Synthesis (Re)Action is not only Brown’s reaction to the process of science but an action of personal interpretation to the development of works that culminate from change and progression.

Brandi Downham: Restructuring Vulnerability

Exhibition Dates: September 4-28
Opening Reception: Thursday, September 7 | 5:30–7:30 p.m.
Closing Reception & Catalog Release: Thursday, September 28 | 5:30 - 7:30 pm

UCO alum, Brandi Downham, opens up the fall 2017 school year with her solo exhibit, Restructuring Vulnerability. Her abstract paintings, both large and medium scale, explore personal identity and emotion through fluid colors, structured lines, and glimpses of handwritten text. This exhibit restructures the concept of vulnerability by adding linear elements to an otherwise fluid scene and challenging connotations involved with sensitivity and emotion.

Join us for the closing reception of "Restructuring Vulnerability," including a Q&A with the artist Brandi Downham and the release of our exhibit catalog!

The UCO Melton Gallery is excited to present a catalog, which includes a series of Brandi’s paintings along with poetry responses written by UCO students, extending the concept of vulnerability to another form of self-expression and adding a voice to how we might personalize these large-scale, abstract works.

Melton Gallery in the News

The Oklahoma Gazette: A new exhibit at UCO’s Melton Gallery takes viewers behind the scenes of the gay rodeo

Blake Little

A decade ago, Hollywood brought to life the story of a couple of gay cowboys in the epic film Brokeback Mountain. Until then, the Western lifestyle of men who love men went largely unnoticed. And so did the subculture of gay rodeos.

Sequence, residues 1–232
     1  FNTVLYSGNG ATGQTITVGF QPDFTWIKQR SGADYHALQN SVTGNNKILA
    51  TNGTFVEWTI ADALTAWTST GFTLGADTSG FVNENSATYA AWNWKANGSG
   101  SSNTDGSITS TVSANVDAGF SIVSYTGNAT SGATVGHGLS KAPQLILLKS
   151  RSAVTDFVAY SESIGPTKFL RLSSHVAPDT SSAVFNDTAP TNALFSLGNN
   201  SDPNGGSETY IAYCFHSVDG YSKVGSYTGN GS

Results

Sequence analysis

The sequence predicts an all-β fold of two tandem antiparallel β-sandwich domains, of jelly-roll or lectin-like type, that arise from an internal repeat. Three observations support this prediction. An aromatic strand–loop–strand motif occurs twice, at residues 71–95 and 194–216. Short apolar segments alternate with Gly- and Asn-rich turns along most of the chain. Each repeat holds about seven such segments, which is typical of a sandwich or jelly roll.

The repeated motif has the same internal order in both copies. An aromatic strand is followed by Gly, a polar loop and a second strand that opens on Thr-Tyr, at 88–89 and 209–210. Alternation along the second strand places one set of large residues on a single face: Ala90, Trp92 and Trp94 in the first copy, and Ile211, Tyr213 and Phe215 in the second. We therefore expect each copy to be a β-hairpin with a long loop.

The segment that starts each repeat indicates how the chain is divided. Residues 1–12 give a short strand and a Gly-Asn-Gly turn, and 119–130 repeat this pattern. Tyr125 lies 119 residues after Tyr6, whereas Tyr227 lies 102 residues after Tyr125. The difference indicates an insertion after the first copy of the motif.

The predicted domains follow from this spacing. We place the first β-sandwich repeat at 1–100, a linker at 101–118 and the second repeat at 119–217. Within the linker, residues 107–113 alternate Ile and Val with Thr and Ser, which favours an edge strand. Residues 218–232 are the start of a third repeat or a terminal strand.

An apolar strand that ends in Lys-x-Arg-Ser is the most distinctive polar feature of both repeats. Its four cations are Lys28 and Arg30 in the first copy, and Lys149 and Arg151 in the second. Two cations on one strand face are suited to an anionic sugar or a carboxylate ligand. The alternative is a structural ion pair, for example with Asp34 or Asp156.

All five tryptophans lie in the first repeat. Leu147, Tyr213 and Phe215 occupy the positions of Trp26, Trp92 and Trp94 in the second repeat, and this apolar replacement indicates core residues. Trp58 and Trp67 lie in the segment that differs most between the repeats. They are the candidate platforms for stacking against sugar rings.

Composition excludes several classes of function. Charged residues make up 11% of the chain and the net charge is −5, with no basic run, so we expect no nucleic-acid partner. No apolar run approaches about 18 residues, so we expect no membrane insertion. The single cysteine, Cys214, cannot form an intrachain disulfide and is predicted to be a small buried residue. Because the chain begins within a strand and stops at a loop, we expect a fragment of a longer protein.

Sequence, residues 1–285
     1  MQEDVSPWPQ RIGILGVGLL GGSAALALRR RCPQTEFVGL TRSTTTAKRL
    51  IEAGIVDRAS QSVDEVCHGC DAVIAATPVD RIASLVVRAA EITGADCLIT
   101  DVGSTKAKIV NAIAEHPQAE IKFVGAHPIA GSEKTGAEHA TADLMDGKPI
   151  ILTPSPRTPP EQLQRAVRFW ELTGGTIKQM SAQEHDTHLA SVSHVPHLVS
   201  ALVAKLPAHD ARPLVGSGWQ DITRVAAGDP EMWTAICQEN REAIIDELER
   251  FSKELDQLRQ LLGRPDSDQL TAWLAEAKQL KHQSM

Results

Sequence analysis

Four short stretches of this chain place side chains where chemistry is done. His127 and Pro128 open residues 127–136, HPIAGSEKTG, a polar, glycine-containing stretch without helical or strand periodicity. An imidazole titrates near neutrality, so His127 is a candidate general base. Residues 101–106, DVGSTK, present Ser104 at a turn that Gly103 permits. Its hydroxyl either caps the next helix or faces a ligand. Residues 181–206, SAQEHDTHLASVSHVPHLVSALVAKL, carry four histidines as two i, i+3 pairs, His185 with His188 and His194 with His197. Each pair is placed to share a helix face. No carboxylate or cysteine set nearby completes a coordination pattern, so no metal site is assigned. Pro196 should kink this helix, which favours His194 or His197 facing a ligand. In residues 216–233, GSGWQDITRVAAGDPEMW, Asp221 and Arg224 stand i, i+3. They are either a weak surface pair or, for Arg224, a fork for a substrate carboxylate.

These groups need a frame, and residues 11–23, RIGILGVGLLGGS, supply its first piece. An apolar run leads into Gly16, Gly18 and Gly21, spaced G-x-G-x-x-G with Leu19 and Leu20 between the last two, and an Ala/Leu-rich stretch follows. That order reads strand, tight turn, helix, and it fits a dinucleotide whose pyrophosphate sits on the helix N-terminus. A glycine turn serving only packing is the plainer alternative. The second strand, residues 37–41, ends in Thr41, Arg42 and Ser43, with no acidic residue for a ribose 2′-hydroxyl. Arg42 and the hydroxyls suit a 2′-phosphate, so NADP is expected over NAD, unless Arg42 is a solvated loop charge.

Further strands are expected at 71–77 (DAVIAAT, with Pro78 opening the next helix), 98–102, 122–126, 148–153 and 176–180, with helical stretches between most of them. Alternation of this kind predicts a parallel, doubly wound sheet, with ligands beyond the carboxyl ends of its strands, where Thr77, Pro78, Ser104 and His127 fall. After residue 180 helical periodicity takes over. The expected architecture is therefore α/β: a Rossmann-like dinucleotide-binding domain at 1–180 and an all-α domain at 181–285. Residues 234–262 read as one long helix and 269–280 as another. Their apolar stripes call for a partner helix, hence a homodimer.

Blake Little: Photographs from the Gay Rodeo, a new photo exhibit at the University of Central Oklahoma’s Melton Gallery, features bareback broncs, bull riding and barrel racing captured over several years at events sponsored by the International Gay Rodeo Association.

Photographer Blake Little spent a number of years competing in the IGRA, and during that time, he always had his camera by his side.

“I went to my first gay rodeo in Los Angeles in 1988,” Little told Oklahoma Gazette. “I have always had an interest in rodeo, cowboys and Western culture. This first rodeo was a very powerful experience for me.”

During the next year, Little said he attended every rodeo in the IGRA’s Western Division and found the events to be very opening and welcoming.

Blake Little

“Even for a city guy from a place as urban as LA, the true camaraderie with the cowboys and the sport of rodeo drew me in,” he said. “At the sixth rodeo, I started riding steers, and by the end of the first year, I rode my first bull. For the next four years, from 1988 to 1992, I competed in the IGRA. And I won bull riding at the IGRA Finals Rodeo in 1990. During my time with the rodeo, I always had my camera and photographed at all the rodeos. Because I was competing, I had inside access to the rodeo contestants and behind the chutes. Since I was a fellow contestant, the cowboys knew and trusted me.”

The black-and-white images capture a slice of life not often seen in the traditional Western setting. The raw emotion in the photographs shows two cowboys sharing a victory kiss, one man helping tape the leg of an injured contestant and a bull rider sharing a moment with his kids after an event in Fort Worth.

“The cowboys and cowgirls were...

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Blake Little